Afternoon light at the edge of the canal.
Are They Shadows
Are they shadows that we see?
And can shadows pleasure give?
Pleasures only shadows be
Cast by bodies we conceive
And are made the things we deem
In those figures which they seem.
But these pleasures vanish fast
Which by shadows are expressed;
Pleasures are not, if they last;
In their passing is their best.
Glory is most bright and gay
In a flash, and so away.
Feed apace then, greedy eyes
On the wonder you behold;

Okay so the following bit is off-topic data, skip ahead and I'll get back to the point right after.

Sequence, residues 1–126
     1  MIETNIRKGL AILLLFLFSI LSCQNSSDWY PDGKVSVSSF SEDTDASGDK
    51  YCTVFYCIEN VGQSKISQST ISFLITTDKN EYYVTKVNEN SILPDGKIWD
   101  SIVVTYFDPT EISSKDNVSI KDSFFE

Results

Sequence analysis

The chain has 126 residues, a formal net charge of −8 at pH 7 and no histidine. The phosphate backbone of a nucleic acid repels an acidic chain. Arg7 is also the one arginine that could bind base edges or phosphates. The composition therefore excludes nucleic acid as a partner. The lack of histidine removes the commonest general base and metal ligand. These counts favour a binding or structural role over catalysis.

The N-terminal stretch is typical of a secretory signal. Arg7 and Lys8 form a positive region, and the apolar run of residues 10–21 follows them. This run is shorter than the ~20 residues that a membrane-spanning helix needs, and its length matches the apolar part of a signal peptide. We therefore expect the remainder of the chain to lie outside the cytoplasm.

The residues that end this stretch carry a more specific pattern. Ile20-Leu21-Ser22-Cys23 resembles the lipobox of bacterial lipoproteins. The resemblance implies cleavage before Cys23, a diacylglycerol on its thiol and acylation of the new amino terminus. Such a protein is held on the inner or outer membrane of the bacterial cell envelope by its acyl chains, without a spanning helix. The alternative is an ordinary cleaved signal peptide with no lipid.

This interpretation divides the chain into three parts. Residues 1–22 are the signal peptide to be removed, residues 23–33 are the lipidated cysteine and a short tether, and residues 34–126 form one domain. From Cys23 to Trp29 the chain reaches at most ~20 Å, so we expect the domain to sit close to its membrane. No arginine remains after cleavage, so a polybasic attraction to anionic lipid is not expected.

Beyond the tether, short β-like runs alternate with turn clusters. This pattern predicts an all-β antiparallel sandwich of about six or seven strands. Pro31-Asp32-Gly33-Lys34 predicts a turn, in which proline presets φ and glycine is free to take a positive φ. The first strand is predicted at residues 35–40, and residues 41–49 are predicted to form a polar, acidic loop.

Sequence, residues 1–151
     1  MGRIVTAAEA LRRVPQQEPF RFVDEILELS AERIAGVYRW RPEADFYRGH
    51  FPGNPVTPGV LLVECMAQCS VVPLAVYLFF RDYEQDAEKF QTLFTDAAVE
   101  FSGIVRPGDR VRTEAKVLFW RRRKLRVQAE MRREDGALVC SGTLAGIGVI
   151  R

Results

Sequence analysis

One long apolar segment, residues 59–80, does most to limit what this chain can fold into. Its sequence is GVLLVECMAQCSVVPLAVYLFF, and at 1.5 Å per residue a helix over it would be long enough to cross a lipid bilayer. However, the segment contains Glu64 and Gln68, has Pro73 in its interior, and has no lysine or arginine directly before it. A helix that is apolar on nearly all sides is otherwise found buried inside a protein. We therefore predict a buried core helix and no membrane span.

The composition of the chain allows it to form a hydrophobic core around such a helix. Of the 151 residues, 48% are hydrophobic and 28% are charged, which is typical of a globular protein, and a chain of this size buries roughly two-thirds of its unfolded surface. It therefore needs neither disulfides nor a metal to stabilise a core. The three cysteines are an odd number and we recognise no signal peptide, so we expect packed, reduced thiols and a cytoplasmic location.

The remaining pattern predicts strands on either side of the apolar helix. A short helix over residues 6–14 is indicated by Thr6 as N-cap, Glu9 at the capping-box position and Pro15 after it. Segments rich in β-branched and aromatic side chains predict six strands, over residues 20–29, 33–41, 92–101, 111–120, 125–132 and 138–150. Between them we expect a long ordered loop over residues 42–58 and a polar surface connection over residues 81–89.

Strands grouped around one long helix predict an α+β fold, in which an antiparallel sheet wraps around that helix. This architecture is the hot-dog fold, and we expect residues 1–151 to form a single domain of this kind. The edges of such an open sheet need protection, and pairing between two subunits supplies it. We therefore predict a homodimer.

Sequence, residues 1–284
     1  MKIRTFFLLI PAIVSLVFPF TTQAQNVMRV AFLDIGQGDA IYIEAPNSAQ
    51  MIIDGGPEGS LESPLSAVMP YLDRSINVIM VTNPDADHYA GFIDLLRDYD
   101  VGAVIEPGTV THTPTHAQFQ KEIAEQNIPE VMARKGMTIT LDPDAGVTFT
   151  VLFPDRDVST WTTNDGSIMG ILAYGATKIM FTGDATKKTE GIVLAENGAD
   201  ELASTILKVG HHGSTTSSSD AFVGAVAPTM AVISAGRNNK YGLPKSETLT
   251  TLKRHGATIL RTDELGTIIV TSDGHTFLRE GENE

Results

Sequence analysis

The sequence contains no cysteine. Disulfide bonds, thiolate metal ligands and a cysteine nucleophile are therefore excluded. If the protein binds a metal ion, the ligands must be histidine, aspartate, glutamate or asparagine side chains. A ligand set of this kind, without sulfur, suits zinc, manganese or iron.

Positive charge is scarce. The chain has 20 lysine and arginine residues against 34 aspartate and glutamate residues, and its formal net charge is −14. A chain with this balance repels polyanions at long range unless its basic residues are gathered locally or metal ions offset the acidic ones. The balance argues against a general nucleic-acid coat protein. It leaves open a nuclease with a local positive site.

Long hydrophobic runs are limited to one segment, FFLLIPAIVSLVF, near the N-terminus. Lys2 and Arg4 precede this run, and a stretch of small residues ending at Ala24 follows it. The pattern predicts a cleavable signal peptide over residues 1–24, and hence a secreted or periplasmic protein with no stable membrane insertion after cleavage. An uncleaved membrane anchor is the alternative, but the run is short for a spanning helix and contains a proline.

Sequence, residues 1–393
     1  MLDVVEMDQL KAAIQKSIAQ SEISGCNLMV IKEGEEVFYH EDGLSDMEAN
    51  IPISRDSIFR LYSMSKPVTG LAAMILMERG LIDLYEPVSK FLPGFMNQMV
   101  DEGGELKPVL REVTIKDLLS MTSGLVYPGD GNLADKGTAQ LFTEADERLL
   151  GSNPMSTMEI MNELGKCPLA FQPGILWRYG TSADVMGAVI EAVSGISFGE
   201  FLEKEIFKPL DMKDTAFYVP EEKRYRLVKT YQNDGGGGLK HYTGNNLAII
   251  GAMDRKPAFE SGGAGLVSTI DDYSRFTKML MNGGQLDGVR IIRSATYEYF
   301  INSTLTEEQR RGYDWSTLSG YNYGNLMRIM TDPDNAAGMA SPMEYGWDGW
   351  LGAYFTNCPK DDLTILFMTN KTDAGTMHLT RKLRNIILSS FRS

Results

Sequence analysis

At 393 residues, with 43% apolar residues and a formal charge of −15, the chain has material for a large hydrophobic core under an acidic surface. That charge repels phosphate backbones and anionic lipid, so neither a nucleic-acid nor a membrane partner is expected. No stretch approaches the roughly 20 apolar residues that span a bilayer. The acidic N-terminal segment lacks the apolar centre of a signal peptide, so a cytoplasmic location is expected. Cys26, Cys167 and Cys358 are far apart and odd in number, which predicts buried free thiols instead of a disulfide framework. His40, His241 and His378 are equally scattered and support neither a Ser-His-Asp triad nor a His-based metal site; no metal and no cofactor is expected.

Take it sudden as it flies,
Though you take it not to hold.
When your eyes have done their part,
Thought must length it in the heart.
Samuel Daniel (1562-1619)
It has been a long time since this poem was written. About 400 years. Yet is still is completely understandable and clear to us, and the diction is very modern. While might not say "behold" much or use the phrase "length it" both carry a clear meaning to an English-speaking person. Consider that Geoffrey Chaucer (1343-1400) with whose poems we struggle, was only about 200 years before the British poet Daniel, and we can see why we srill speak what is called Modern English. It has such great resources for poetry!